I’VE LATELY BEEN having a hard time sleeping—and I have a pretty good idea why. It has to do with two words that keep bouncing around inside my head. If you let them, those two words will also keep you up at night. They’re powerful because there’s no end to them. You ask, “What are the two terrible words?” The answer: what if.
What ifs are about what could happen in the future and, if you let your imagination run wild, it’s usually something bad. I’ve been thinking a lot about my future. I don’t know if it has to do with turning age 70. I don’t think so. I actually feel pretty optimistic about the next decade. I’m looking forward to spending some quality time with my wife once this pandemic is under control.
Still, I’ve been thinking a lot about my wife’s future, too. What happens to her if I’m no longer around? Will she have trouble supporting herself financially? Questions like these keep popping up in my head. They shouldn’t, because I believe we have these kinds of things under control.
The trust we set up and our well-funded investment portfolio should help her weather any unforeseen financial challenges that come her way. Also, all our important documents and contacts are stored in a centralized location, so they’re easily accessible. If she needs professional advice, we have a relationship with a low-cost financial advisor, tax accountant, attorney and insurance agent.
When pondering what ifs, there always seems to be another one. The other day, I started thinking about household emergencies. What if the hot water tank leaks? What if the electric garage door won’t close? How do I prepare my wife for those kinds of hassles?
I realize the real problem resides with me. My wife is a fiercely independent and intelligent woman. She can handle these types of everyday headaches herself. She doesn’t need me to try to prepare for every problem that might occur in her life.
Trouble is, I want certainty, but life doesn’t offer much. If you’re like me, and sometimes you’re unsure and hesitant, especially when it comes to managing your portfolio, here are nine money tips:
1. What if international stocks outperform U.S. stocks? What if small-caps outperform large-caps? What if interest rates go up? This sort of endless uncertainty can paralyze investors.
What to do? Since you don’t know with certainty how each asset class will perform each year, you should own them all. By having a diversified portfolio with total U.S. stock, total international stock and total bond market index funds, you’ll sleep better at night knowing you’ve addressed many of the what ifs in investing.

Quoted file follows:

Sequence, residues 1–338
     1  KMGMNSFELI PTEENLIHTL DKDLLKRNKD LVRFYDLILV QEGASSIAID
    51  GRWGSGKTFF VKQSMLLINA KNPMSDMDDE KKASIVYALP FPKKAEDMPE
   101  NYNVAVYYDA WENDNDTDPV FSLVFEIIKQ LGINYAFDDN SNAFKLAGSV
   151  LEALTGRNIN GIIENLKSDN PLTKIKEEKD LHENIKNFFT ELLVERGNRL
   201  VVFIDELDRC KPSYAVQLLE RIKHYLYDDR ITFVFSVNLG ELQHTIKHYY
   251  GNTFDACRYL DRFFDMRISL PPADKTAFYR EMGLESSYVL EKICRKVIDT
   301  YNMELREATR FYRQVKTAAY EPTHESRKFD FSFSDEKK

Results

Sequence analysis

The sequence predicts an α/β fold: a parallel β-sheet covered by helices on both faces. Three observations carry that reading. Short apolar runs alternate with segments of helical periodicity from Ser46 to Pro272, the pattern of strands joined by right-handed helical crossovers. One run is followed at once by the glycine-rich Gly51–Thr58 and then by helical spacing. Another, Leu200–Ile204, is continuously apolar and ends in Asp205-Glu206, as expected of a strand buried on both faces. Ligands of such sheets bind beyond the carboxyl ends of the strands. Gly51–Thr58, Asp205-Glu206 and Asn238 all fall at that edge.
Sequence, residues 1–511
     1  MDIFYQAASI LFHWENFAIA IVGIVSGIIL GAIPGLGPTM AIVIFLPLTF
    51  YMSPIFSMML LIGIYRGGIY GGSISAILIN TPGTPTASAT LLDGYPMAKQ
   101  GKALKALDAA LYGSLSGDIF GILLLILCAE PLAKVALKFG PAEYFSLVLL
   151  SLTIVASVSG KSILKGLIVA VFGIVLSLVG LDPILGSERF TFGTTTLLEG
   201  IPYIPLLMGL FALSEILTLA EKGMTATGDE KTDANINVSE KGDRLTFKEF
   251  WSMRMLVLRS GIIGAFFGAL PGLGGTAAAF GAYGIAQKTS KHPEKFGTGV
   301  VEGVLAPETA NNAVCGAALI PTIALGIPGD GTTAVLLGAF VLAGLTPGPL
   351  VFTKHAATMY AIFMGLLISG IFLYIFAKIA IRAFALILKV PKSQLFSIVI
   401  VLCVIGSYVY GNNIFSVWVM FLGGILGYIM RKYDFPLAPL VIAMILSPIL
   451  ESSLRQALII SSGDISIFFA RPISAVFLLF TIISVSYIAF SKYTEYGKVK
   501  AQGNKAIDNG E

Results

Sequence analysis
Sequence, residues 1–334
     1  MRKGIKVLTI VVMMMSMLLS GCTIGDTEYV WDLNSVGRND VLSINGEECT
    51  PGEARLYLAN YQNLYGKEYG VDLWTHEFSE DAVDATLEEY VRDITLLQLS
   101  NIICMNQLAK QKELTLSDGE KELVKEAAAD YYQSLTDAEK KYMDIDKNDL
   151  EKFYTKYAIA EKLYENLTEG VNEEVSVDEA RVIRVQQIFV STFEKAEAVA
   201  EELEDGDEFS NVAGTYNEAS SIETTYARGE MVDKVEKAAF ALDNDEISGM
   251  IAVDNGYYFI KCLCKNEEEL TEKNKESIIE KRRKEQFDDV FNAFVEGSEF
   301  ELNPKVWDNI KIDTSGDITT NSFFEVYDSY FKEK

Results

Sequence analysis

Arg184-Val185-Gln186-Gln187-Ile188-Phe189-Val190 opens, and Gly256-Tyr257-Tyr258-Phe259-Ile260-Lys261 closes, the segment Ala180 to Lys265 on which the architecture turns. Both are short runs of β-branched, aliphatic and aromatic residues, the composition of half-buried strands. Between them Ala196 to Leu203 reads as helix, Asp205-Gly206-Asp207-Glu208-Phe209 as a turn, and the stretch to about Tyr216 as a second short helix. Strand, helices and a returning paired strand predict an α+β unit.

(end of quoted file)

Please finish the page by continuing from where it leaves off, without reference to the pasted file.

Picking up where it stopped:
2. Another way to deal with the uncertainty of investing is to use dollar-cost averaging. If you have a lump sum to invest and you’re uncertain about the direction of the market, divide up the money into smaller amounts and invest it over six months or a year.
3. Don’t use an all-or-nothing approach to selling. If you can’t make up your mind whether to unload an investment or hang on, sell part of it. That way, you’re assured of being at least half-right.
4. Consolidate your financial accounts and limit the number of investments you own. Fewer holdings mean fewer decisions. A good example: target-date retirement funds. Buy just one of those, and you’ll have a professionally managed and hassle-free portfolio.
5. If you’re uncertain about your employer’s financial stability, invest no more than 5% of your money in the company’s stock. That way, even if the company gets in trouble and you lose your job, your portfolio won’t take too big a hit.
6. If you’re uncertain about whether you can meet your financial goals, buy yourself a sanity check—by hiring a fee-only financial advisor.
7. Cash can do wonders in eliminating uncertainty, especially if you’re worried about financial emergencies. Try to keep at least six months of living expenses in cash investments.
8. Tune out cable financial networks, such as CNBC and Fox Business. The talking heads with their market opinions can make anyone second-guess his or her investments.
9. A little knowledge can go a long way in eliminating doubt. The more you know, the more you know what to do. There are many excellent books about investing. Read a few, and they should provide you with the necessary knowledge to manage your own money.
Dennis Friedman retired from Boeing Satellite Systems after a 30-year career in manufacturing. Born in Ohio, Dennis is a California transplant with a bachelor’s degree in history and an MBA. A self-described “humble investor,” he likes reading historical novels and about personal finance. Check out his earlier articles and follow him on Twitter @DMFrie.